USA Today’s Interview with Microsoft CEO Steve Ballmer – CEO helps Microsoft enter its 30s gracefully

USA Today has a piece out today on their interview with Microsoft CEO Steve Ballmer. Although I was disapointed that Steve didn’t talk more about Media Center (hey, Bill has more than made up for this on his part though), the interview is still pretty informative and worth a read. The interview mostly focuses on Microsoft as a business and less on any particular product offering at present — although Ballmer does pay homage to the incredible significance of the Windows operating system as the true cash cow of the company.

As excited as I am about Media Center technology, you have to realize that at this point the revenue and earnings derived from these sales are a drop in the bucket when you compare them to something like Microsoft’s operating system business or Office. Ballmer talks about the general cultural and business changes at Microsoft. Microsoft’s new mission: “Enabling people and businesses around the world to realized their full potential.”

The article also talks about the significance of moving beyond the Steve and Bill show (or is it the Bill and Steve show) and that there is more talent in management at Microsoft beyond just Ballmer and Gates.

One area though where USA kind of calls Ballmer out is on his statement that Microsoft “loves to be first.”

“While it’s clear that Microsoft is changing, old behaviors die hard. When Ballmer gets talking about how Microsoft must be first with technology innovations — which, so far in Microsoft’s history, has not often happened — the exchange is more like vintage pugilistic Microsoft.

Ballmer: “You’ve got to be not just first in an area; you’ve got to be first with important innovations even in areas that you’ve pioneered.”

USA TODAY reporter: “Well, you guys have proved over and over again being first is not necessarily …”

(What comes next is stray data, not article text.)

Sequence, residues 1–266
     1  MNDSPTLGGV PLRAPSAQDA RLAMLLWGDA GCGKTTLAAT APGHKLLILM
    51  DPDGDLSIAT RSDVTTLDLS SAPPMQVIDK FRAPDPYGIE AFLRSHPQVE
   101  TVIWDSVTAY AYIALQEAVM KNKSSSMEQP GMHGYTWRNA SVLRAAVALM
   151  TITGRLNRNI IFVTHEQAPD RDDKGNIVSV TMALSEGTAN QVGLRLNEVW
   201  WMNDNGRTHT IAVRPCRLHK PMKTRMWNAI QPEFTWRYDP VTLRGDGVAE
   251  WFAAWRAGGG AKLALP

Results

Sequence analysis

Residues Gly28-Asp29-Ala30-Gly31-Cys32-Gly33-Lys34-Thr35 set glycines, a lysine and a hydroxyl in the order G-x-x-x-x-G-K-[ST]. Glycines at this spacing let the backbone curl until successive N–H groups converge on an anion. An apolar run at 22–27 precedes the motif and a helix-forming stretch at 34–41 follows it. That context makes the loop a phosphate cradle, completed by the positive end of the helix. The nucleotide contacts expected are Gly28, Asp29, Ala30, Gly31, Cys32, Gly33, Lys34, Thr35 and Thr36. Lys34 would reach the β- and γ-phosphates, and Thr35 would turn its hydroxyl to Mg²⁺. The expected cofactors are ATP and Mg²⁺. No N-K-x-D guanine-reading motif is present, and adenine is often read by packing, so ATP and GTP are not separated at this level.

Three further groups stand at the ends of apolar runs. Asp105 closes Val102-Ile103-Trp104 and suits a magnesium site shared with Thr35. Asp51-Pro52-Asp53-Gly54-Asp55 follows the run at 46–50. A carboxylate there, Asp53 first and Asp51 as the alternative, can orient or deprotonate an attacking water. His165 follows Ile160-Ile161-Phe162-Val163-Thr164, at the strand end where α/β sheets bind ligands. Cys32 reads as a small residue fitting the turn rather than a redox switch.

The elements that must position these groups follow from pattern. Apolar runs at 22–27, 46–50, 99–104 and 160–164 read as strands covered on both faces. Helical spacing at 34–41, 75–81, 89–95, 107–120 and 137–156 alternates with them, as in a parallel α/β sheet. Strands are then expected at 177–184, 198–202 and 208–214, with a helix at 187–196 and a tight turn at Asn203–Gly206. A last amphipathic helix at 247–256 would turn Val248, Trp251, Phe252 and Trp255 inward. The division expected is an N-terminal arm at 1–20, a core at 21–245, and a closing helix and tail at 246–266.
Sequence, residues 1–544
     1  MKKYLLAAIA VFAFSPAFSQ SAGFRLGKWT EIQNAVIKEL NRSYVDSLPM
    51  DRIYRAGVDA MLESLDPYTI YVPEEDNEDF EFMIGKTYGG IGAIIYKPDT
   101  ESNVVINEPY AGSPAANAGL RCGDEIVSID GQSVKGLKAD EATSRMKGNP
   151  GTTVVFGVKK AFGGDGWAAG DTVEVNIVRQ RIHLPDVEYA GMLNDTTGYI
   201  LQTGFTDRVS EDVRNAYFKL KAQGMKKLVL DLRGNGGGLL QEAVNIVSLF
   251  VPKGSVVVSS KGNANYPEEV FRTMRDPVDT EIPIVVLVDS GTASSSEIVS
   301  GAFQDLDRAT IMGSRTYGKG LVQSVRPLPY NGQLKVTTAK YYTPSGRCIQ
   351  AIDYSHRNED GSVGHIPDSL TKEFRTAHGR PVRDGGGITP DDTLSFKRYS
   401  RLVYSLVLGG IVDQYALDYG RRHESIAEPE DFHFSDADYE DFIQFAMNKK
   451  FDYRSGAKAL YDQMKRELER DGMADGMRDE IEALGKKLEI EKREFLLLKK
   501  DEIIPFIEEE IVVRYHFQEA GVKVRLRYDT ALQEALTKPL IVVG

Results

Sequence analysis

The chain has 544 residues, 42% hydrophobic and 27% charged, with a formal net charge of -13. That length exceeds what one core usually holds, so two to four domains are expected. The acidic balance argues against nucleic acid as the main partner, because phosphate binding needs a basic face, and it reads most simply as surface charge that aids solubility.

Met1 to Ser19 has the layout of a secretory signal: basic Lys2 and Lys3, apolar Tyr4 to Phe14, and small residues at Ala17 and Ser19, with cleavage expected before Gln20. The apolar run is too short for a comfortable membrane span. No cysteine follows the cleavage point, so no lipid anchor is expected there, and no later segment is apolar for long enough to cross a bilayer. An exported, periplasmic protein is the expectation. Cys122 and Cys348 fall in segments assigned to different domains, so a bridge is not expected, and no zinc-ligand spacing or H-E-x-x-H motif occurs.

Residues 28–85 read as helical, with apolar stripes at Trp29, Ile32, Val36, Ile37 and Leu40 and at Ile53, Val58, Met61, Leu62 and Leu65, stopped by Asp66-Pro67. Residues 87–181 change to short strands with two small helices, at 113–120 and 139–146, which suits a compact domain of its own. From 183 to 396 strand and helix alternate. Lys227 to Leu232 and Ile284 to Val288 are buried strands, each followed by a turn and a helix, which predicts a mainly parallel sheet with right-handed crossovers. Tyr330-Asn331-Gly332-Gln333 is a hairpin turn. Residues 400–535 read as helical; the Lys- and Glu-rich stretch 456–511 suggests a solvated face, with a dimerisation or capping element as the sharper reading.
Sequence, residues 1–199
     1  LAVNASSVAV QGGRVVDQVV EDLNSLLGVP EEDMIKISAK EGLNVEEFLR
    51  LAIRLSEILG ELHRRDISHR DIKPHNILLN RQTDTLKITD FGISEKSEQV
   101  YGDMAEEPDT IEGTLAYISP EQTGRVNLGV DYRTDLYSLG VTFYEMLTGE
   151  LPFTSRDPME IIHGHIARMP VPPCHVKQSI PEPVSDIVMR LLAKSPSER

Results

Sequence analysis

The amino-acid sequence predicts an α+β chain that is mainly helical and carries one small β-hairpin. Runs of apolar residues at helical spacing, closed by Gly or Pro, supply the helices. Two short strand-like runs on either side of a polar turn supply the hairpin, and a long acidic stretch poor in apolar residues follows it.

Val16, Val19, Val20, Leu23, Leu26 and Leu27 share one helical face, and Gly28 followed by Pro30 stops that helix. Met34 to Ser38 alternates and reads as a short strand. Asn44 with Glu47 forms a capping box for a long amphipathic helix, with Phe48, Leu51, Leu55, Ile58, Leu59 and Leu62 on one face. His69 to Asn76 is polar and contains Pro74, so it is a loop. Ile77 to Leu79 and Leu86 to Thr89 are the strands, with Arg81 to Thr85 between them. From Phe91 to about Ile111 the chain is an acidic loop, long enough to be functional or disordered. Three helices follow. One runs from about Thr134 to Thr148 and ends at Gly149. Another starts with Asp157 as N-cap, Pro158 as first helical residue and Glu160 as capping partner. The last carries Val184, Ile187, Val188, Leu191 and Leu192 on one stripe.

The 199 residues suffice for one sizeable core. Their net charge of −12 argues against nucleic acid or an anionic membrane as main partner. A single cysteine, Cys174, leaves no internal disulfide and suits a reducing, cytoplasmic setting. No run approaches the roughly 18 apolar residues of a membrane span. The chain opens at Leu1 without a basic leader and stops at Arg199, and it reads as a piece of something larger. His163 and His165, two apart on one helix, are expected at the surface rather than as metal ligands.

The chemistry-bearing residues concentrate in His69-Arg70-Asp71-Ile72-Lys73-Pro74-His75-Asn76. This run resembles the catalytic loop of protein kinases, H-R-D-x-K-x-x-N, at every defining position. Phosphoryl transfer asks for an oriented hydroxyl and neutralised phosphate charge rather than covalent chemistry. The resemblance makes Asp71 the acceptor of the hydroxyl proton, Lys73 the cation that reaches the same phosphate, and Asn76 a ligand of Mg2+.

Ballmer: “We love to be first.”

Reporter: “You love to be first but …”

Ballmer: “We love to be first.”

Reporter: “You certainly weren’t the first — you know, I mean, here looking at your …”

Ballmer: “We love to be first. Well, our big success is Windows. We were first. Windows, we were first — and then everybody faded out because there was a period during which the concept was — I mean, Apple stuck around with their concept of that, but everybody else faded out, basically.”

Tech people must be scratching their heads. Windows wasn’t the first graphical user interface — that was invented by Xerox and was first made popular by Apple Computer. Microsoft didn’t have the first browser or video player or cell phone operating system. Time and again, the company has come in late and, in many cases, won the day with tenacity. It is a strength Microsoft could boast about but doesn’t.”

I would tend to agree with USA Today. Microsoft’s real strength is in adopting technology created by someone else and less about being the innovator and being first.

Hey, at least he didn’t bring up that whole thing again about iPod users being thieves… wink, wink.

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